The industry was highly competitive, however, and the automobile rapidly became more sophisticated. After the initial two cylinder models, Zimmerman successfully built
four and six cylinder models. The 1914 model line included both four and six cylinder cars and prices ranged from sixteen hundred to twenty-three hundred dollars. By 1914, the company occupied the main plant which was two hundred eighty by sixty feet plus three other smaller three-story buildings. Total floor space was about seventy-five thousand square feet.
In 1915, the company sold a car under the name Â“DeSota.Â” This car was apparently a six cylinder Zimmerman with a different nameplate. There were very few made and it
is believed that there are now none existent. The Desota had no connection with the Chrysler-built Â“DeSoto,Â” although it is reputed that Chrysler paid a royalty for the use of the similar name.
In 1908, the officers of the company were Elias Zimmerman, President; Franklin T. Zimmerman, Vice President and General Manager; and John Zimmerman, Secretary-Treasurer. The latter was a son of Elias and brother of Franklin T. Between 1910 and 1914 the Company was dealt two heavy blows with the deaths of Franklin T. and Elias. Franklin T. died in 1910 and Elias died in 1914 at the age of eighty-five. After the death of Elias the Zimmerman buggy business was combined with the Eckhart Carriage Company.
John Zimmerman continued the automobile business until the latter part of 1915. The automobile business was then discontinued and John joined the Auburn Automobile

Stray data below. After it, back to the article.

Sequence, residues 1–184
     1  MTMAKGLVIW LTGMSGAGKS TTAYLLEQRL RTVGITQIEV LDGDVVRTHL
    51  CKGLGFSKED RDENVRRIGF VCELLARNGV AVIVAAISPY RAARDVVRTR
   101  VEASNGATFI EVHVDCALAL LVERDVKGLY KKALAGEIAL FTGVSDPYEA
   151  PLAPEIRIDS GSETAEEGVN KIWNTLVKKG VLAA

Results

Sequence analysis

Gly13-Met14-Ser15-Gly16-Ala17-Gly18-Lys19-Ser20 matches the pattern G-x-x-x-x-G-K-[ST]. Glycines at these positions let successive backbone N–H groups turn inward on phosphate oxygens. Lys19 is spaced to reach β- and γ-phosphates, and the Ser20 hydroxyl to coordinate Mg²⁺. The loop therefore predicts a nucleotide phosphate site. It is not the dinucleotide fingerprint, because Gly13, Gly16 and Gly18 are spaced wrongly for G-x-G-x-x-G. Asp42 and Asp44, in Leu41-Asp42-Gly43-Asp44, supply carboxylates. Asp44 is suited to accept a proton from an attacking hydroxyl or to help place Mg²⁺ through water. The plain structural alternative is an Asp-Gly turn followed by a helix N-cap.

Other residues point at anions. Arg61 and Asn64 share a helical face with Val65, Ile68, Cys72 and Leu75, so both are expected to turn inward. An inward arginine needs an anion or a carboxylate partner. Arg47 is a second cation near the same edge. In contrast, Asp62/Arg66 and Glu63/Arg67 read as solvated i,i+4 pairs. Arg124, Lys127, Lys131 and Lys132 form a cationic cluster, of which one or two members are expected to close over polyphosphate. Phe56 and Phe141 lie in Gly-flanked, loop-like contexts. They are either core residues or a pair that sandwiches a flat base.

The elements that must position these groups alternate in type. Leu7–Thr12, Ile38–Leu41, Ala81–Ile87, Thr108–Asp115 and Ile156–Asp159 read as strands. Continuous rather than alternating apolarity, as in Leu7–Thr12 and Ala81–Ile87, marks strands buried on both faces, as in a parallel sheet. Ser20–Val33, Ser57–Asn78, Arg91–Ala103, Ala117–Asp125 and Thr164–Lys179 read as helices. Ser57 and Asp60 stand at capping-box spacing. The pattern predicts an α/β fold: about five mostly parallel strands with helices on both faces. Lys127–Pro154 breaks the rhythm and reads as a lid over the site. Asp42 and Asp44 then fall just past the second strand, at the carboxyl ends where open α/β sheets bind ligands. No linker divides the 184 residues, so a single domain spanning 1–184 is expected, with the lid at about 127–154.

Company. He remained with this company in various capacities until it was discontinued in 1940. He later moved to New York City.
The Elias Zimmerman home was located at 303 West Fifth Street, the Franklin T. Zimmerman home at 304 West Fifth Street, and the John Zimmerman home at 402 North Van Buren Street. The Franklin T. Zimmerman home is now owned by Mrs. H. M. Kirkpatrick. A close examination of the front steps of the home will reveal the name Â“ZIMMERMANÂ” stamped into the concrete. Being originally engaged in wood related businesses, the Zimmermans all included beautiful woodwork in their homes.
Although the Zimmerman name has regrettably been almost forgotten in Auburn, it is the keystone of one of the outstanding automobile museums in the world. The museum is Â“AutomobiloramaÂ” at Harrisburg, Pennsylvania, and its owner is Eugene W. (Gene) Zimmerman. Gene Zimmerman discovered that the John Zimmerman who left Fayette County, Pennsylvania, in 1831, was related to his ancestors.
Mr. Zimmerman operates three Holiday Motor Hotels in the Harrisburg area. Automobilorama is in conjunction with Holiday West and is housed in an ultra-modern, three
story building with eighty thousand square feet of floor space including a complete restoration shop. There are over three hundred and fifty automobiles on display.
Automobilorama is the story of history on wheels. Its exhibits trace the evolution of the automobile from the Conestoga Wagon, buggies, carriages, bicycles and
motorcycles - along with steam, electric, and gasoline cars to our luxury automobiles of today.
19th Annual Aburn-Cord-Duesenberg Festival Official Souvenir Book, Labor Day Weekend 1974, Auburn, Indiana, which was also the Grand Opening of the
Auburn-Cord-Duesenberg Museum. pp. 54 & 55